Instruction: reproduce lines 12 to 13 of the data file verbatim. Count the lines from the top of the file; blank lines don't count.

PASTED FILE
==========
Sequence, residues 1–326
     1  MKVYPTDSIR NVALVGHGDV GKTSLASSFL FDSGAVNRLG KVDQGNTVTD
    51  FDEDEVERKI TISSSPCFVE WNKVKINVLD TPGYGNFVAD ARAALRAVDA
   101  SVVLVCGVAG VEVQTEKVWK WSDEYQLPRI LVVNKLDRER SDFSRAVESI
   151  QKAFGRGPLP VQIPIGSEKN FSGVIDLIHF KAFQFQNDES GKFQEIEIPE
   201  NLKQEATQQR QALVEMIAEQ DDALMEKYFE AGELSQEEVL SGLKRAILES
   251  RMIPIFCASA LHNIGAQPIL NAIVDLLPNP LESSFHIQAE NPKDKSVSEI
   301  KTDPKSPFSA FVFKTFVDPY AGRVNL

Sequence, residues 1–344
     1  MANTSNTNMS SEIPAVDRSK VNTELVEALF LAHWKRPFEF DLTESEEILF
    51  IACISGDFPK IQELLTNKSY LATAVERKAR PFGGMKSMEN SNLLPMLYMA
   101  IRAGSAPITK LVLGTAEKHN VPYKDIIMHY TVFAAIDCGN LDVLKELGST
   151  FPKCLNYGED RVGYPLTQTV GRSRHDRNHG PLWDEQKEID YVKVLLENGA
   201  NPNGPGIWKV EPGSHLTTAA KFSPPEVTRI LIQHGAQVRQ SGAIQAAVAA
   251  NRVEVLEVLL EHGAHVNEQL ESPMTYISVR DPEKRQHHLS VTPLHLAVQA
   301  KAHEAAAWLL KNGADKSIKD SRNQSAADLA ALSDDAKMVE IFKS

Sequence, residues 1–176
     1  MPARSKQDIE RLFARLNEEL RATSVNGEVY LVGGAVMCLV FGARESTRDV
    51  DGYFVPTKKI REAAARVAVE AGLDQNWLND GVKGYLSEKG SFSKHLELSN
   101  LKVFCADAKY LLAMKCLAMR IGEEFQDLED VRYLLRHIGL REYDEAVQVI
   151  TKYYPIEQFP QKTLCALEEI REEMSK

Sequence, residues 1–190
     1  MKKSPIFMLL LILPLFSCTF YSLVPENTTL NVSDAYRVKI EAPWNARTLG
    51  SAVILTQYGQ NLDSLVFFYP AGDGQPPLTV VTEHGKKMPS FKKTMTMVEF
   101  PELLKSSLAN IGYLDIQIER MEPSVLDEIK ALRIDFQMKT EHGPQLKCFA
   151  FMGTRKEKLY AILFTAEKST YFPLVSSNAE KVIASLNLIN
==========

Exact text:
   101  IRAGSAPITK LVLGTAEKHN VPYKDIIMHY TVFAAIDCGN LDVLKELGST
   151  FPKCLNYGED RVGYPLTQTV GRSRHDRNHG PLWDEQKEID YVKVLLENGA